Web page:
Politicians weigh in on the latest school crossing patroller debate
Rutherglen candidates in the 2016 Scottish election this week weighed in on the crossing patroller issue.
Clare Haughey of the SNP accused her Labour opponent James Kelly of engineering the school patrol crisis in a bid to intervene and become the local ‘hero’.
But opponents branded her a “hypocrite,” and said the problem stemmed from cuts to council budgets from the Scottish Government,
She said: “The Labour election mantra at the moment is ‘choose kids, not cuts’, but it is they who are responsible for where the axe falls in South Lanarkshire. They recently did the same thing with the school bus cuts, only to find the money down the back of the sofa, then try to present themselves as heroes for saving a service that they themselves cut.
“Why has this announcement been made now, barely a month before the Scottish Parliament elections? The former MSP for the area, James Kelly, has serious questions to answer.”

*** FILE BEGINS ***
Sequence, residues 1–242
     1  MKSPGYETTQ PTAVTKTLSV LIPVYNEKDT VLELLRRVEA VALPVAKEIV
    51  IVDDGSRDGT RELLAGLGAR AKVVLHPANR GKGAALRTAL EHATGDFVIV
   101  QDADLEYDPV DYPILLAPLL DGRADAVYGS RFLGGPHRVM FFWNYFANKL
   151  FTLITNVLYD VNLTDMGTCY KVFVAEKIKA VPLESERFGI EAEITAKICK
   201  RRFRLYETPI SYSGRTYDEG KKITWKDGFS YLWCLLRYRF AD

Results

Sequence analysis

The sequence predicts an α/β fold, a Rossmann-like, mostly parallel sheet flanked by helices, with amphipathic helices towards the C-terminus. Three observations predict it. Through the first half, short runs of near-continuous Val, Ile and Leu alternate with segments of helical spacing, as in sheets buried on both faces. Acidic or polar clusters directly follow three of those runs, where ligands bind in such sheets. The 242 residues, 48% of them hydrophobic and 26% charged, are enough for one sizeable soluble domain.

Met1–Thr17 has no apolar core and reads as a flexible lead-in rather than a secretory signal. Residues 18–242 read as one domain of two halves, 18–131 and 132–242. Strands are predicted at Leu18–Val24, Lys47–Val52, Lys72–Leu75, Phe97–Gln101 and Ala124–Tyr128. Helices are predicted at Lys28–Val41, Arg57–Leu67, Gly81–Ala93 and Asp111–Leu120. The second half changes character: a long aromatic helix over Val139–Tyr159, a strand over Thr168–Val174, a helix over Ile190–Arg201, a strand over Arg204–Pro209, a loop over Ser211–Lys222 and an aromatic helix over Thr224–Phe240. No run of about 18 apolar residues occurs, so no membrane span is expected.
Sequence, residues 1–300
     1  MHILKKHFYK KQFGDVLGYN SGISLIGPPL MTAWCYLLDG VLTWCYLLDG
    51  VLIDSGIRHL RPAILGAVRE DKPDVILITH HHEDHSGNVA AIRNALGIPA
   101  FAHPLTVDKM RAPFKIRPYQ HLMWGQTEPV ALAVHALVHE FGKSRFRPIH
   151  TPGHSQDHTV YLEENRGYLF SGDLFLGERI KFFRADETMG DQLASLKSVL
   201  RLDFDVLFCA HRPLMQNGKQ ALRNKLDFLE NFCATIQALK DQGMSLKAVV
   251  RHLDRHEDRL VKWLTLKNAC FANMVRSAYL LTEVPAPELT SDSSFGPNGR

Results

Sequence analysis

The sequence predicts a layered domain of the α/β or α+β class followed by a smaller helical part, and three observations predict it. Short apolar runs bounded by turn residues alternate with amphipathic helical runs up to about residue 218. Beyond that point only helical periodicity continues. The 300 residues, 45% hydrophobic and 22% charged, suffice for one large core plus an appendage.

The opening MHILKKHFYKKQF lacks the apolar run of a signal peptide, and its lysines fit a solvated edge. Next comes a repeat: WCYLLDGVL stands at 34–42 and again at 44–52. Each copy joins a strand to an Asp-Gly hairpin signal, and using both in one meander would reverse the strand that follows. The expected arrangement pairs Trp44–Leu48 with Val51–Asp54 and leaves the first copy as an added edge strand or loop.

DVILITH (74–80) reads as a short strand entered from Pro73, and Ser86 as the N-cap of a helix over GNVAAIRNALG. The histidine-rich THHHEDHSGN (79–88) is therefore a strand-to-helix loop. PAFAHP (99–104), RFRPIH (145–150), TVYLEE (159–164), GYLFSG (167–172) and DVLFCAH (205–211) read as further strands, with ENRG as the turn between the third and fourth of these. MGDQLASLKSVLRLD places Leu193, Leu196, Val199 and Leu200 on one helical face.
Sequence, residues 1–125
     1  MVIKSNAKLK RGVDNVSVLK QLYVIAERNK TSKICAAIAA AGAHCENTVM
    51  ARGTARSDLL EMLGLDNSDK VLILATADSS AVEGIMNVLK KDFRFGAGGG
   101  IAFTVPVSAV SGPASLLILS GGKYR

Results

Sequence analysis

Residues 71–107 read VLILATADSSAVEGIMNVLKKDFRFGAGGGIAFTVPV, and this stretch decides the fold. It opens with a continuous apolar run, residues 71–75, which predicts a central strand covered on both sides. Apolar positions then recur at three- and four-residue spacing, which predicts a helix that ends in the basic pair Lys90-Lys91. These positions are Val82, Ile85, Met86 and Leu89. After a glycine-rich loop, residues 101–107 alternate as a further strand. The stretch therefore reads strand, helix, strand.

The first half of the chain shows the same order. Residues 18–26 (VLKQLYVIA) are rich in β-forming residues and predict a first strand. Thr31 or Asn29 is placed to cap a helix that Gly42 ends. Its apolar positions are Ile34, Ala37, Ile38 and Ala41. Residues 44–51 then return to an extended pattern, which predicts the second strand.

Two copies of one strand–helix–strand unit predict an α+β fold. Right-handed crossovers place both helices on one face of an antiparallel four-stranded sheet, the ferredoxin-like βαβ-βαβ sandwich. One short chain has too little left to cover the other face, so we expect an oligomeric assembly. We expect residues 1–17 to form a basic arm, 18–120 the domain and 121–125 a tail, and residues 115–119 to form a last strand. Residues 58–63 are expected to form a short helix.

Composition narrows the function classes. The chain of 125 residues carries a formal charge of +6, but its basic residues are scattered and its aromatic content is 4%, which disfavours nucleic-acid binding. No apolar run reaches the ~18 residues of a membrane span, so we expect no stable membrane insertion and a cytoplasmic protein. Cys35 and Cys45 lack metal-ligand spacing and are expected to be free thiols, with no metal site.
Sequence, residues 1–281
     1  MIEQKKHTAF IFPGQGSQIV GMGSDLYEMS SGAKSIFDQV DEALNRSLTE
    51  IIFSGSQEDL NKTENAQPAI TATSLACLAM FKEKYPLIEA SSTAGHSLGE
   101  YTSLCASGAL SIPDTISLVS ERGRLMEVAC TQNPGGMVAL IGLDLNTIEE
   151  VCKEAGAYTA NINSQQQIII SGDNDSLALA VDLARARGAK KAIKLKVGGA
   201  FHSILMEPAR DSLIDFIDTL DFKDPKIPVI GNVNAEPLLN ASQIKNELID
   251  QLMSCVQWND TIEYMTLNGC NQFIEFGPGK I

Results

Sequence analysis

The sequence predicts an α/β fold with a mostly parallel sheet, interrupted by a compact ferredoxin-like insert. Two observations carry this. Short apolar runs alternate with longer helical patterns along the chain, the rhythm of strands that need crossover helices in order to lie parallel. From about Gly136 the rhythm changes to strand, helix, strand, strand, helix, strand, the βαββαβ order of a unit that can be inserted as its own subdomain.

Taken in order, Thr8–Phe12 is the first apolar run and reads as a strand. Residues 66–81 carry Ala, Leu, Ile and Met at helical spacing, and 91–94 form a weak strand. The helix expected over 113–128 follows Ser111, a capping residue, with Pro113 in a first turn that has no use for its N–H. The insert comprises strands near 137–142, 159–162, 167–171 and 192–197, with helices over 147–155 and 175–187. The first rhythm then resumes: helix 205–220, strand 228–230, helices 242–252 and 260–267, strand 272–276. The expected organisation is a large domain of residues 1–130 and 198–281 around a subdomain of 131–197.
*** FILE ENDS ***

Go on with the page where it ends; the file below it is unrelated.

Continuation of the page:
But Ms Haughey has herself been lambasted by the Lib Dems and Labour for failing to acknowledge that SNP councillors showed no opposition to the school patrol changes when proposed as part of the 2016/17 budget.
Branding Ms Haughey a ‘hypocrite’, James Kelly said: “Recent local issues such as the changes to school patrol crossing arrangements were accepted by SNP councillors when the council passed their own budget in February.
“It’s the SNP who are forcing these cuts on councils and the people of Rutherglen and Cambuslang can see through a desperate candidate’s attempts to make cheap points.”
Lib Dem councillor and Rutherglen candidate Robert Brown agreed, arguing he was the only local representative to challenge the first tranche of cuts to patrols in 2014.
“This is a very peculiar and hypocritical press statement by the SNP candidate,” he said.
“Clare Haughey can hardly complain about council cuts imposed by her own government and agreed by her own SNP councillors.”
Taylor Muir, the Conservative Party’s candidate for Rutherglen said he recognised parent’s concerns, adding: “We need to have a review of how we fund the crucial services which families rely on to keep them safe in a way which raises revenue fairly.
“That’s why I believe we should look again at council tax, after having a nine-year freeze, to see how we can raise revenue and prevent vital services from being cut.”